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September 11, 1962 - Image 65

Resource type:
The Michigan Daily, 1962-09-11

Disclaimer: Computer generated plain text may have errors. Read more about this.


Playbill Offers Drama, Opera

SAB Rents
Art Prints-

IRE INSTRUMENTS - The Stearns Collection of rare instru-
mts is explainedby its curator, Prof. Warner, in a lecture given
the summer. Instruments from East and West, of varying ages'
d purposes, are housed in it.
ill Aud Stearns Collection
isplays Music Instruments
4v ____________________

Societies throughout the ages
have treated their musical instru-
ments as art. ,
A visit to the Stearns Collection
of Musical Instruments will readi-
ly show the truth of this. The 61-
lection, located on theisecond floor
of Hill Aud., is open to the public
from 3 to 4 p.m. Tuesdays and
In this collection the visitor can
note the beautiful and colorful an-
cestors of guitars, with many lay-
ers of wood carvings; he can view
the highly decorated and ornate
instruments of 17th and 18th cen-
tury France and Italy and the
plainer and more reserved instru-
ments of France, Germany and
England. And he can see some mu-'
sical wonders of the Far East and
Stearns Collects
Frederick Stearns, a Detroit
pharmaceutical manufacturer,
gave up his business interests to
concentrate on his hobbies: col-
lecting art and music. pieces. He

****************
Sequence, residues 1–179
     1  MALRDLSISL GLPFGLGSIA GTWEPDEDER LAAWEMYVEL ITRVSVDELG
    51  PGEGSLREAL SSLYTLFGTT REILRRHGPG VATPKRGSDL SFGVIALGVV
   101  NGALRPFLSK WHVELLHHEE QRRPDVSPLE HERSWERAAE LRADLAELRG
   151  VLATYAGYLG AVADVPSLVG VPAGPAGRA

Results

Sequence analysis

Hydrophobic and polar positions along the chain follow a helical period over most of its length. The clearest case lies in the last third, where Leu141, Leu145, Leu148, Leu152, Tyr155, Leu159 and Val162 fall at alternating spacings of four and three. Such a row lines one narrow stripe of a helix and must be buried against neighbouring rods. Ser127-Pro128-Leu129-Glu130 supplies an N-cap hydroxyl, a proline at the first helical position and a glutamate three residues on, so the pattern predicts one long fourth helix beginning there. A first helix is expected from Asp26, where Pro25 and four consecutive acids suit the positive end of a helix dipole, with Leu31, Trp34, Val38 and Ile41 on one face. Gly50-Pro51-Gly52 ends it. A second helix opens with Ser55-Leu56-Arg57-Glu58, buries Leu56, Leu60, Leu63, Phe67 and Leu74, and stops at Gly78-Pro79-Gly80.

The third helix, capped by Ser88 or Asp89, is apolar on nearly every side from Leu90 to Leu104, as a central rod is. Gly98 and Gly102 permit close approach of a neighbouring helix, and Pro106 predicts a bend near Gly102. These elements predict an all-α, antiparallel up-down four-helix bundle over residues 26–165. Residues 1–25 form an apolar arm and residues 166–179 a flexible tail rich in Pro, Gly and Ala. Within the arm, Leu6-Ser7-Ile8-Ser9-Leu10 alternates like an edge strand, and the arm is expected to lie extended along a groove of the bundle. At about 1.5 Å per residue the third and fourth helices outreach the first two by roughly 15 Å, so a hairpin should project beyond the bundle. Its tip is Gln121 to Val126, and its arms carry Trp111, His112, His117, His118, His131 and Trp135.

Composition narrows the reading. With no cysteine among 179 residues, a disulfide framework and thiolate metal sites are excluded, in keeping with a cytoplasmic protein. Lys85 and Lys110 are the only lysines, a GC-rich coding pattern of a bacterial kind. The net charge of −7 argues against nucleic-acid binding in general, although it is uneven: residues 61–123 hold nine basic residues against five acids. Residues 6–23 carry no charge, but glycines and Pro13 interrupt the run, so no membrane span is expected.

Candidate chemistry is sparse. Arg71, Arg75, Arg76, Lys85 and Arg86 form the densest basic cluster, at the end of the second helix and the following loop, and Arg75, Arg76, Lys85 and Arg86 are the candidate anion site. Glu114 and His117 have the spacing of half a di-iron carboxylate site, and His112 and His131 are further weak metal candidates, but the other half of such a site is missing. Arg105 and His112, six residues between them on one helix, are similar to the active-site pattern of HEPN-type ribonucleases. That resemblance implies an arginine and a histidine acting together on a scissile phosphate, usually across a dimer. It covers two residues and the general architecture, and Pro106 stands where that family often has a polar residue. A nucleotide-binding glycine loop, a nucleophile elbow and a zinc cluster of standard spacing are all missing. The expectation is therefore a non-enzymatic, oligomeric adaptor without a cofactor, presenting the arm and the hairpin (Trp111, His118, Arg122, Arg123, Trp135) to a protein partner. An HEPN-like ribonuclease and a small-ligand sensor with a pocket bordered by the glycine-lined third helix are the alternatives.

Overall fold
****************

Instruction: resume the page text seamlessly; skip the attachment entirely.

traveled throughout the world,
particularly the Far East, to gath-
er his collection. His art collection
was given to the Detroit-Museum
of Art and the musical instru-
ments were given to the University
to start the collection that bears
his name.
"Some of the instruments in the
collection are hard to find in their
native countries today," Prof.
Robert Warner of the music
school, curator, said.
"We use some of the instru-
ments in our consorts," comment-
ed William Hettrick, assistant cu-
rator. The consorts, directed by
Prof. Warner, are presented by
faculty and students who play
medieval and renaissance melo-
dies. Their compositions use viols
and voice; the viols being six- and
seven-stringed instruments shaped
like violins but not closely related
to them.

master would take, the tiny violin=
out of his pocket, start the orches-
tra off by playing a few notes, and
slip the violin back into his pocket.
At that time there were no ges-
turing orchestra leaders as we
know them today.
In former centuries there were
many freak instruments, Hettrick
remarked. One such on display is
a 19th century cane clarinet. The
idea was that a man taking a walk
might get an urge to play a tune.
If he had his cane clarinet, he
could stop and play.,
Also in the collection is a hurdy-
gurdy from France. The hurdy-
gurdy, Hettrick explained, was
used by beggars in some periods
and by kings in others.' Basically,.
though, it was a pastoral instru-
ment. The one on display has the
head of a man with a broad mus-
tasche carved on it.
A French violin on display has
the carved head of a man with a
handsome beard. Sortie of the in-
struments have paintings and
many have intricate design work.
Among the instr gnents is amu-
sical serpent from France, an an-
cestor of the tuba, used first in
churches. An ophicheide from
Spain is serpent-headed and was
used for its terrifying effect.
An old French horn on display
has a movable mouthpiece. By
changing the location of the
mouthpiecethe musician could get
different effects.
Beetle-shaped lutes of great
craftsmanship as the theorbo of
17th century Italy are on display.
So are oliphants, intricately carved
tusks that played one note, as well
as the ancestor of the clarinet: the
single-reed Ztnmarah of Egypt.

(Continued from Page 1)
ern French farce, involving a